Facebook users recently discovered that they had been unwitting participants in an experiment. As reported in Slate, researchers from Cornell and the University of California, San Francisco, manipulated postings on the social media site to see whether people who received less positive content in their news feeds would respond by writing less positive content themselves.
Unsurprisingly, the study found that negativity makes for more negativity, and positive input inspires a greater outflow of good feeling.
So far, the story has focused on the ethics and legality of experimenting on people without their knowledge. The article, “Facebook’s Unethical Experiment,” concluded: “Over the course of the study, it appears, the social network made some of us happier or sadder than we would otherwise have been. Now it’s made all of us more mistrustful.” But for me, the story points out something that we mostly ignore, despite its considerable effect on our lives: The thought around us is fundamental to our experience.
Students drink more if they think others around them are getting drunk; people gain weight because their friends do. We know that thought forms an atmosphere that we absorb; if you walk into a room where there’s just been an argument, you may feel the tension in the air. But we are rarely proactive about the incoming information and emotion that bombards us.
Perhaps the outrage of those who were made to feel bad through their social media is a wake-up call for the rest of us. Not only should we expect ethical treatment from those we trust, but we should become more alert to the influences around us.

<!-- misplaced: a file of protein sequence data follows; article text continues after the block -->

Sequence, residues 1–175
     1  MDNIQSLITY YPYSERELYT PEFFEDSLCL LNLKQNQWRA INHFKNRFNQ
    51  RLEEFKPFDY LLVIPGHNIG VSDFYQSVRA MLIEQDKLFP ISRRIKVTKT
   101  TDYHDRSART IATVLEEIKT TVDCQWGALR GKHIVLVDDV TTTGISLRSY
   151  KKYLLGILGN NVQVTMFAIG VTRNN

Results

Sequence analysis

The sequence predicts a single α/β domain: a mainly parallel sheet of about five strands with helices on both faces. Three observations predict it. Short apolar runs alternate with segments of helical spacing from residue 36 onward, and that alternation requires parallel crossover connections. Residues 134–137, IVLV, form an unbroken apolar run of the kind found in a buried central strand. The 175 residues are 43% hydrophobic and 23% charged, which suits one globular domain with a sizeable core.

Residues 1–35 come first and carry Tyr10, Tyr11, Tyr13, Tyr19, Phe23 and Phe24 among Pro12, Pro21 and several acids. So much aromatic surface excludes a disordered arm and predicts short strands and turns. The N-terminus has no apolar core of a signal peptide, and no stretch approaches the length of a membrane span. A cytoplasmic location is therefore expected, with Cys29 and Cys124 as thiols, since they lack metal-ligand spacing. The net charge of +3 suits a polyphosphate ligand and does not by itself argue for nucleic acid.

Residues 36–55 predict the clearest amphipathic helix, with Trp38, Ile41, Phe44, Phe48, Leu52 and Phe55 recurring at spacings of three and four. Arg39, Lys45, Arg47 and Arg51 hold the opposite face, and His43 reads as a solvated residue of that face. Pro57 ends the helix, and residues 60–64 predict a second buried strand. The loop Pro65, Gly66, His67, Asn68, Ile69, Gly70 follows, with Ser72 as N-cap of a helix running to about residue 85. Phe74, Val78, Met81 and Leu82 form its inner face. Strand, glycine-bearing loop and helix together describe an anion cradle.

Christian apologist and author C.S. Lewis related the phenomenon of being manipulated by incoming opinions and suggestions to his need for God. “[W]hat I so proudly call ‘Myself’ becomes merely the meeting place for trains of events which I never started and which I cannot stop. What I call ‘My wishes’ become merely the desires thrown up by my physical organism or pumped into me by other men’s thoughts or even suggested to me by devils” (“Mere Christianity”).
Certainly having an always present touchstone to keep connected to the ideas and understanding that we believe to be truly lasting and valuable would be helpful. God, as described by Christian Science Discoverer and Founder Mary Baker Eddy, is that help – and is more practical than just a wishful thought. She defines God as “incorporeal, divine, supreme, infinite Mind, Spirit, Soul, Principle, Life, Truth, Love,” (“Science and Health with Key to the Scriptures,” p. 465). Mrs. Eddy also notes, “In the Saxon and twenty other tongues good is the term for God” (p. 286).
God is our go-to good – the omnipresence that is there for us whenever we take the time to pray and understand more deeply the true nature of good – the spiritual qualities that have their source in God and make our lives meaningful and worthwhile. The Scriptures say: “Acquaint now thyself with him, and be at peace: thereby good shall come unto thee. Receive, I pray thee, the law from his mouth, and lay up his words in thine heart” (Job 22:21, 22). Keeping awake to our inseparable relationship to God, remembering that the goodness of divine Love is always the reality that governs us, wherever we are, helps us be our true selves more consistently.
The next time we get the feeling that all the evidence is pointing us downward to a place without hope, without good, remember the goodness of God, and let that influence you.